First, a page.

Russia and the West…..

“The guard is tired.” With that simple phrase, the newly installed Bolshevik regime in Russia dismissed the duly elected Constituent Assembly in January 1918. And, one might say, so started Russia’s century-long interference in elections and electoral outcomes. In his new book Rigged: America, Russia, and One Hundred Years of Covert Electoral Interference (Knopf, 2020), David Shimer narrates in meticulous but page-turning detail a century of covert electoral interference, by both the United States and the Soviet Union during the Cold War, and continuing to this day with a focus on post-Soviet Russia’s efforts to affect US politics. His account of the …

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Heretical views!

Managing a portfolio based on cashflows? Heresy! Well, maybe not. Others are also making arguments similar to mine in Getting Back to Business. See Jim Garland’s 2019 CFA Institute Research Foundation Brief, introduced by Laurence Siegel. Thanks to Will Goetzmann for the link here .      

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Random Book Project #3: The Sinews of American Commerce (1941)

Is it acceptable to post about something other than the social and political crises wracking our nation at the present moment? Might anything less than 100% devotion to a pressing cause–whatever that cause may be–be considered a hostile act?  I hope not; I believe not. We entered this crisis period with our individual interests, our individual histories. They did not cease to exist even though they may be  overshadowed at the moment. Continuing to pursue them does not entail thinking any less of the issues dominating the news today. So I am going forward with what some may consider a …

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The Russian state is back….

The Russian state is back. That may not be a big surprise to Russia watchers. The degree to which it is a KGB state, however, is documented in great detail in Catherine Belton‘s new book Putin’s People: How the KGB Took Back Russia and Then Took on the West (Farrar, Straus and Giroux 2020). Certain elements of the KGB were playing a “long game” as early as the 1980s and saw the need for an alternative to the sclerotic late Soviet system. And they were going to be part of that post-Soviet regime. Fast forward 20 years later, these security and intelligence officials …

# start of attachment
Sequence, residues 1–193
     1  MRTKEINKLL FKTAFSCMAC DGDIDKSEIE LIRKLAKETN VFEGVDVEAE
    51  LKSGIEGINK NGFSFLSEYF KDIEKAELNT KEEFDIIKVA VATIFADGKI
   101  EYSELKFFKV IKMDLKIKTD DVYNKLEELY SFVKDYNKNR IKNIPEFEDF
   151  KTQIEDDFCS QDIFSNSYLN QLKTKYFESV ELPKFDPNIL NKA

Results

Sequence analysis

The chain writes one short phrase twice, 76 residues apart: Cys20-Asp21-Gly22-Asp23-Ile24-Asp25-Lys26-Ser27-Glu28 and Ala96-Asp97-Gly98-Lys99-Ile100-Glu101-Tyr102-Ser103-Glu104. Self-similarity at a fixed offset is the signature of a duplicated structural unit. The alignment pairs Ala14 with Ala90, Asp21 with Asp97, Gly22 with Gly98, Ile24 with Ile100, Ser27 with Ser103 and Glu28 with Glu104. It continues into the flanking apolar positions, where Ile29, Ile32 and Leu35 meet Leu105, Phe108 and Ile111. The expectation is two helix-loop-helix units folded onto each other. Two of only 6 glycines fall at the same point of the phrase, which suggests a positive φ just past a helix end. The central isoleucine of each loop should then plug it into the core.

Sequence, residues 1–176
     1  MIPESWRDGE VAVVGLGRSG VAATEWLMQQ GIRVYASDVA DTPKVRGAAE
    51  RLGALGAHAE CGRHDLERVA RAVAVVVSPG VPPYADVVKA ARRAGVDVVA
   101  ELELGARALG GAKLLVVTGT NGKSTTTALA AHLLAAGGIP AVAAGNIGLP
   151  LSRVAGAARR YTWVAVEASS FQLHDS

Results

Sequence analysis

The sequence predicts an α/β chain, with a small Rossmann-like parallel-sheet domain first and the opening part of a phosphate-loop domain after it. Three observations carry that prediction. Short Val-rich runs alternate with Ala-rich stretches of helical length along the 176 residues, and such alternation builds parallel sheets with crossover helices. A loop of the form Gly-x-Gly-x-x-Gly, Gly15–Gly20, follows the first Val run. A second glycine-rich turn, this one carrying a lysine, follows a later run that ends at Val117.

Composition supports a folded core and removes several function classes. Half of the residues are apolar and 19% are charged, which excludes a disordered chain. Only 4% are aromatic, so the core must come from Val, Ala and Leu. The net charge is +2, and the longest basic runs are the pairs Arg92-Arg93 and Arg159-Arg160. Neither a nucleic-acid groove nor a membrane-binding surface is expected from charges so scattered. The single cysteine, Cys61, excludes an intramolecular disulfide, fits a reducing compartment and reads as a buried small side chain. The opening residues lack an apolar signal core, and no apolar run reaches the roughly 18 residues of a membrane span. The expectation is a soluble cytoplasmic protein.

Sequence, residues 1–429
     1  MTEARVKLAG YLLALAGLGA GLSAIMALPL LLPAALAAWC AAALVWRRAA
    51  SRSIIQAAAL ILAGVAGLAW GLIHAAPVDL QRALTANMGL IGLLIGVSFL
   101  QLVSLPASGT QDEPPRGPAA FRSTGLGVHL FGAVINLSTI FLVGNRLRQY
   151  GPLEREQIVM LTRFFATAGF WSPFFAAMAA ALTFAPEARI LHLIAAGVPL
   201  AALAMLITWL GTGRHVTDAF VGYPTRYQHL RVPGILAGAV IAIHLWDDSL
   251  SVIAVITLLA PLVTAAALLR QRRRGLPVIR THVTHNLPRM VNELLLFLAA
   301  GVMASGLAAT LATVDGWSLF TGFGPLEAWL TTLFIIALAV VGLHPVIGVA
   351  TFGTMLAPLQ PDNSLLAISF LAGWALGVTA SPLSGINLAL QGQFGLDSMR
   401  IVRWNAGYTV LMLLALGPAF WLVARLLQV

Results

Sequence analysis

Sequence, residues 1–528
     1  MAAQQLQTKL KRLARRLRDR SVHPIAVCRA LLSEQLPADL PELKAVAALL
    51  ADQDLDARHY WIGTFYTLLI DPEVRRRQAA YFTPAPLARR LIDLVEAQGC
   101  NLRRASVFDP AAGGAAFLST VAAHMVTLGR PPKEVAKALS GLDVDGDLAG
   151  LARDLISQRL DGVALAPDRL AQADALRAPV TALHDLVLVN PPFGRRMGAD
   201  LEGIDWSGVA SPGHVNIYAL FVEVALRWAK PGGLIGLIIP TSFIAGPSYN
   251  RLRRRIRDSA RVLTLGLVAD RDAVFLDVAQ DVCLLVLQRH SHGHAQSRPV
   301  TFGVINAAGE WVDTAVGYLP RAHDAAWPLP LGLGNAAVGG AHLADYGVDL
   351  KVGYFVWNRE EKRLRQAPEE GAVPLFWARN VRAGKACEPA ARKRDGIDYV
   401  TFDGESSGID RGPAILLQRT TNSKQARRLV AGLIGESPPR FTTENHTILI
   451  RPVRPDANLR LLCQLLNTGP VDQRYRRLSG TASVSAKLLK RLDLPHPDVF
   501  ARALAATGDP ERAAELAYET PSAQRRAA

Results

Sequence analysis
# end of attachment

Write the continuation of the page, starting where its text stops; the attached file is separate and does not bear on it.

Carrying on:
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Barron’s conversation about dividend investing

A conversation with Barron’s Lawrence Strauss and Lauren Rublin on dividend investing in the current economic and financial climate.  The replay should be “free” but you may have to register with Barron’s to hear it. https://tinyurl.com/ya5apobb Note: The views expressed here are those of the author alone, and do not necessarily reflect the views of his employer. Nothing written here should be construed as investment advice. Consult your investment advisor for specific recommendations. 

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Another battle in the neverending war between clarity and confusion….

A recent opinion piece in the Wall Street Journal starts off with a promising title, “Why Many People Misunderstand Dividends, and the Damage This Does.” June 7, 2020 . That is most certainly true. After nearly two decades helping to manage dividend portfolios, I can say that even institutional investors and pension fund consultants still seem to trip over the basic math of dividend investing. Unfortunately the newspaper article only adds to the confusion when the author, an academic, asserts that “Paying dividends doesn’t benefit investors, because a dividend of $1 simply reduces the stock price by $1—just as withdrawing from …

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You mean big business is good? Tyler Cowen says yes.

You mean big business is good, contributes to our general welfare, and is not generally guilty–with notable exceptions–of all of the charges made against it?  That’s the argument libertarian economist Tyler Cowen makes in his book Big Business: A Love Letter to an American Anti-Hero (St. Martins, 2019) Most NBN listeners will raise an eyebrow to that claim, but most of those same NBN listeners are up for a good back-and-forth on the virtues and demerits of our market system. And to that end, being familiar with Cowen’s arguments–made in this book and his many other publications and platforms–is very useful.  The shift …

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Random Book Project: Episode 1

I’m launching something I call the Random Book Project. Its purpose is to give additional “life” to some of the books that I have collected over the years and are gathering dust on my shelves. These books are disappearing in the digital age. They are left in a decreasing number of public and university libraries, before they are ultimately “de-accessioned.” Some hardbacks end up as color coordinated staging in steak houses and boutique hotels. The Random Book Project attempts to give these books at least a minimal digital presence for works that Project Gutenberg and Google Books will likely skip. …

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Are the Generals fighting the last war?

In Dealing with the Russians (Polity, 2019), Andrew Monaghan argues that Western policy makers are using an outdated Cold War model of ideology, language and institutions, which is wholly unsuited for understanding, engaging, and countering where necessary Russia in the 21st century. One of England’s leading experts on Russia, Monaghan argues Western policy makers need to let go of the past Cold War rhetoric and come up with modern tools to manage the current stage of the three-century long “Russia and the West” policy conundrum. Listen to the New Books Network interview here.  

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